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CULROSS (locally pronounced Coo-rus)

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Originally appearing in Volume V07, Page 618 of the 1911 Encyclopedia Britannica.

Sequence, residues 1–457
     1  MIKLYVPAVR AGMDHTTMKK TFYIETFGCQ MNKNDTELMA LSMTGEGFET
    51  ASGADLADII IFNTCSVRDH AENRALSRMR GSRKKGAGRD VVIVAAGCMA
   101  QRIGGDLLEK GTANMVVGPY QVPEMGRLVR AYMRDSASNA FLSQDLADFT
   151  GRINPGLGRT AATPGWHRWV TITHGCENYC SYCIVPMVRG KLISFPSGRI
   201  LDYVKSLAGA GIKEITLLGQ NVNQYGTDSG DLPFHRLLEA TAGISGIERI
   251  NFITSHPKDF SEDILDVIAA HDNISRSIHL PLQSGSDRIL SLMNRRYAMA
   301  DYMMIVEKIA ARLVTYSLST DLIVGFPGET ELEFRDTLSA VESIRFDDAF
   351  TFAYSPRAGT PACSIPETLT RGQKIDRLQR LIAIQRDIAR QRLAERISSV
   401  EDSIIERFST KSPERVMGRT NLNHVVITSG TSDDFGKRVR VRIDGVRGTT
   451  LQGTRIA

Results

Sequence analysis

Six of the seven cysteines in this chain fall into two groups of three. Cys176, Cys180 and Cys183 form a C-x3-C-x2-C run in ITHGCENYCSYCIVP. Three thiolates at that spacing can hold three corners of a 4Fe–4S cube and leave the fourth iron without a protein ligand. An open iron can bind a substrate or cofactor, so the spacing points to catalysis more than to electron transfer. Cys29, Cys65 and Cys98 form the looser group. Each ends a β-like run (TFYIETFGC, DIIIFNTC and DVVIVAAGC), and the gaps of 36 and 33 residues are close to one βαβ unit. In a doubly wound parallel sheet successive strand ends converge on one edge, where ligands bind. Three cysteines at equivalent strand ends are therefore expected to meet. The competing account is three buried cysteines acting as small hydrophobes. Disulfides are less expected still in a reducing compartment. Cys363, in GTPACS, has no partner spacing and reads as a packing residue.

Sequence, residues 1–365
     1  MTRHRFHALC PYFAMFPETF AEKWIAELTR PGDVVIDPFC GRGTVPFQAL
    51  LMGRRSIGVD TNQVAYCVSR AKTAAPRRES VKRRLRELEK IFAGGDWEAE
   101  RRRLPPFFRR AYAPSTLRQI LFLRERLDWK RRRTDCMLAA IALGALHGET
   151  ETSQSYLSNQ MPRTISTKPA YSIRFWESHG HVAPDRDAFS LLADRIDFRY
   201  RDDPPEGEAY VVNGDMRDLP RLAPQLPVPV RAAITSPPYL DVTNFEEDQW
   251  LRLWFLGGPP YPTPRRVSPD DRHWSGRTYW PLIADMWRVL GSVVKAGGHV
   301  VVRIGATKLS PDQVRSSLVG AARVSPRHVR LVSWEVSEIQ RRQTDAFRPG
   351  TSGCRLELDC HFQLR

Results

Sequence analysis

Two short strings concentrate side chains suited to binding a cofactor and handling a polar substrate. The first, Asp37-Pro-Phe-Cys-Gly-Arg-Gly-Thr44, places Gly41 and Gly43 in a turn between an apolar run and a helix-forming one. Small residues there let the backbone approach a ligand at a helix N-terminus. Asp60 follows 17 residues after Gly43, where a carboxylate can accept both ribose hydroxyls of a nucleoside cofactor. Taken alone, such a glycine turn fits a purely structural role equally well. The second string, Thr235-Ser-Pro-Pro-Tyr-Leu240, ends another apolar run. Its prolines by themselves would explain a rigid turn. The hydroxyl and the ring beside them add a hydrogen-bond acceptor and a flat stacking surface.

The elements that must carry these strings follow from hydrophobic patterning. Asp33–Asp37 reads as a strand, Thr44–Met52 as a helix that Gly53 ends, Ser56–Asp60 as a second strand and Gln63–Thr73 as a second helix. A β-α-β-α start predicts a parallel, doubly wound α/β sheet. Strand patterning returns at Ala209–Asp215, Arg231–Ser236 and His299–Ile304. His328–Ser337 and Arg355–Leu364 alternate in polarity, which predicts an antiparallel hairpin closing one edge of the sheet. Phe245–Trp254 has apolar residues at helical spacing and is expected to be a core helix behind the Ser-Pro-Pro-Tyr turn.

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CULROSS (locally pronounced Coo-rus), a royal and police burgh, Fifeshire, Scotland, 62 m. W. by S. of Dunfermline and 21 M. from East Grange station on the North British railway company's line from Dunfermline to Stirling. Pop. 348. Until 1890 it belonged to the detached portion of Perthshire. Attractively situated on a hillside sloping gently to the Forth, its placid old-world aspect is in keeping with its great antiquity. Here St Serf carried on his missionary labours, and founded a church and cemetery, and here he died and was buried. For centuries the townsfolk used to celebrate his day (July tat) by walking in procession bearing green boughs. Kentigern, the apostle to Cumbria and first bishop of Glasgow, was born at Culross, his mother having been driven ashore during a tempest, and was adopted by St Serf as his son. These religious associations, coupled with the fertility of the soil, led to the founding of a Cistercian abbey in 1217. O# this structure the only remains are the western tower and the choir, which, greatly altered as well as repaired early in the 19th century, now forms the parish church. It is supposed that a chapel of which some traces exist in the east end of the town was dedicated to Kentigern. James VI. made Culross a royal burgh in 1588. In 1808 there was discovered in the abbey church, embalmed in a silver casket, still preserved there, bearing his name and arms, the heart of Edward, Lord Bruce of Kinloss, who was killed in August 1613 near Bergen-op-Zoom in a duel with Sir Edward Sackville, afterwards earl of Dorset. Robert Pont (1524-1606), the Re-former, was born at Shirresmiln, or Shiresmill, a hamlet in Culross parish. Nearly all its old industries—the coal mines, salt works, linen manufacture, and even the making of iron girdles for the baking of scones—have dwindled, but its pleasant climate and picturesqueness make it a holiday resort. Dunimarle Castle, a handsome structure on the sea-shore, adjoins the site of the Castle where, according to tradition, Macbeth slew the wife and children of Macduff. Culross belongs to the Stirling district
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